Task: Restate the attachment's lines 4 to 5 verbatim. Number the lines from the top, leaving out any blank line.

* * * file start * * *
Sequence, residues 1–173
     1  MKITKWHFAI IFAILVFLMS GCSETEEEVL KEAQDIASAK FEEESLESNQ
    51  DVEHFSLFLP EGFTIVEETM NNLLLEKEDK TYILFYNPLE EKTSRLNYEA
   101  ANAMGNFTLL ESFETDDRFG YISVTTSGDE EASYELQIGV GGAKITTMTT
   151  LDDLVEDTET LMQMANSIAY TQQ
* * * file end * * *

   101  ANAMGNFTLL ESFETDDRFG YISVTTSGDE EASYELQIGV GGAKITTMTT
   151  LDDLVEDTET LMQMANSIAY TQQ